A recipe passed down for generations to help keep families healthy and strong during the cold and flu season and throughout the whole year.
- 12 cups of elderberry juice (or dried elderberries, see “notes” for instructions)
- 2 Tablespoons fresh organic ginger, grated
- 1 Tablespoon organic ground cinnamon (or 1 organic cinnamon stick, grated)
- ½-1 cup honey, local and raw, if possible
- Wash and clean the berries. Rinse them under cold water, clean the leaves out, then clip the berries off the large clump. (I don’t take the time to remove the berries off the stem since I’m using this stainless steel steam juicer. See “notes” for other juicing techniques.)
- Place the cleaned berries in the strainer portion of the steamer. Place on a burner over medium-high heat and allow the water to boil.
- “Squish” the berries with a potato masher a few times to release the juices. Then, once the majority of the juice is released, empty the juice into a large pot.
- Add the ginger and cinnamon to the elderberry juice and return to a boil for five minutes.
- Add the honey and mix well.
- Ladle the boiling elderberry syrup into hot sterile jars. (I use these small half-pint jars, or these pint jars).
- Prep your jar lids by boiling them in a shallow pan of water. Wipe the rim of the jar with a clean damp towel, add lid and ring your jars to finger-tip tight (basically, as tight as you can close the lid with just your finger-tips).
- Invert your jars for 20 minutes. When you flip them back over, they should be sealed. Alternatively, you can process them for 15-20 minutes in a hot water bath canner.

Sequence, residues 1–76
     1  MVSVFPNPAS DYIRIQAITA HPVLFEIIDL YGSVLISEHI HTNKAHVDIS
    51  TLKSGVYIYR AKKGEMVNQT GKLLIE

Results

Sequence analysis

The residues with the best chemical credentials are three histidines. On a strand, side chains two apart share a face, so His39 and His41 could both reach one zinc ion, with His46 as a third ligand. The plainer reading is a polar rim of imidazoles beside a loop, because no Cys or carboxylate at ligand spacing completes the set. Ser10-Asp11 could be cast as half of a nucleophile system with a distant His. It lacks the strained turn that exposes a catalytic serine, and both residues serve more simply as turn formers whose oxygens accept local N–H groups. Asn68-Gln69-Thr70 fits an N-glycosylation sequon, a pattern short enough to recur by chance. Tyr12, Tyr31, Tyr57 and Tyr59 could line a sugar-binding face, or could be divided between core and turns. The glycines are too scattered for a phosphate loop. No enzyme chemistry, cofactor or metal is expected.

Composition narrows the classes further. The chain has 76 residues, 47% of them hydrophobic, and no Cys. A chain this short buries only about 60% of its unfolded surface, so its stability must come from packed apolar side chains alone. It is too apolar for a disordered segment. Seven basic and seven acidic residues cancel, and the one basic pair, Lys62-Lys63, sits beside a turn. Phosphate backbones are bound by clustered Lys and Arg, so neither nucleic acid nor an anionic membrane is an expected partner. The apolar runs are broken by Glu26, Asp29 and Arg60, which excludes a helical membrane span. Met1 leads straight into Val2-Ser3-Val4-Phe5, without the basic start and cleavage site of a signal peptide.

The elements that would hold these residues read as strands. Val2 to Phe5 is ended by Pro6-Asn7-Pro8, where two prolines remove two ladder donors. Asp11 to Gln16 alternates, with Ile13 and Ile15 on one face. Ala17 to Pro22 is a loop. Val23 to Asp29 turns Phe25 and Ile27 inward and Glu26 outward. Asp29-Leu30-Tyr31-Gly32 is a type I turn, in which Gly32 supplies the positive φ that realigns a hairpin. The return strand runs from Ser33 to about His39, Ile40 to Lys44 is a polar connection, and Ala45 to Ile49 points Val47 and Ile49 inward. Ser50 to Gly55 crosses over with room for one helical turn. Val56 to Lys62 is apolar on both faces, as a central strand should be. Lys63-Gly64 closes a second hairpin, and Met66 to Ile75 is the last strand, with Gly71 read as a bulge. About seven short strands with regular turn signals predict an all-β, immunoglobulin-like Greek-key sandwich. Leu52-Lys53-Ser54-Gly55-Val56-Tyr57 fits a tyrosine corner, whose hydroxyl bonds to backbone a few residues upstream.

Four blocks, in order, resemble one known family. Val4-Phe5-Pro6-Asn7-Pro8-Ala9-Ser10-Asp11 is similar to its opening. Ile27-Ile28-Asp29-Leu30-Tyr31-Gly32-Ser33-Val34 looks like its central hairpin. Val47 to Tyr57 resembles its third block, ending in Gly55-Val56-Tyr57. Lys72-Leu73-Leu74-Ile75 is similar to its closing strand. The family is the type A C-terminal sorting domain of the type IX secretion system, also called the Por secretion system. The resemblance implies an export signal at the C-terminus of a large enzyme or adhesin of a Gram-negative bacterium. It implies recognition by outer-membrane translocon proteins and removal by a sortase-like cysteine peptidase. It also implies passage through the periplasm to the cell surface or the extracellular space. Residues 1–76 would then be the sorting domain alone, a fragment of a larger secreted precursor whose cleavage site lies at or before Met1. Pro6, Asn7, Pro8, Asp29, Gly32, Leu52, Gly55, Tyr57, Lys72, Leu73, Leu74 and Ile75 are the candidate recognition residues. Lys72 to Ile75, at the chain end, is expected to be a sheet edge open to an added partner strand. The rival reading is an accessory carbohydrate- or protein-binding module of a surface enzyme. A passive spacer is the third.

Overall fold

- Feed the pulp to the chickens! I haven’t found a “use” for elderberry pulp other than chicken feed, if you have one, please share in the comments below.
- Other ways to extract juice, are to boil the berries and then press through a sieve or cheesecloth. I invested in my juicer steamer several years ago, I used to borrow one from a friend each year for grape juice, but have found with my own I use it for so many tasks in the canning season.
- If you don’t have access to fresh elderberries, you can use dried elderberries instead. The process is slightly different though. For dried elderberries you’ll want to use 2/3 cup dried berries and 3 1/2 cups water. Boil the berries and water together for 45-60 minutes and lightly mash the berries with a spoon. Strain through a sieve or cheesecloth and proceed with the rest of the recipe.
- The method I use of inverting the jars is referred to as the “Russian” method of canning. I prefer to use this method over a water bath because I don’t want to boil away any more nutrients than I already have. This is the way my mom taught me, please do what is best for you and your family! Do your own research and find your family’s best practices.
- Serving Size: 1 Tbs
- Calories: 13
- Sugar: 0.9g
- Sodium: 1mg
- Fat: 0.1g
- Saturated Fat: 0g
- Unsaturated Fat: 0g
- Trans Fat: 0g
- Carbohydrates: 3.3g
- Fiber: 0.9g
- Protein: 0.1g
- Cholesterol: 0mg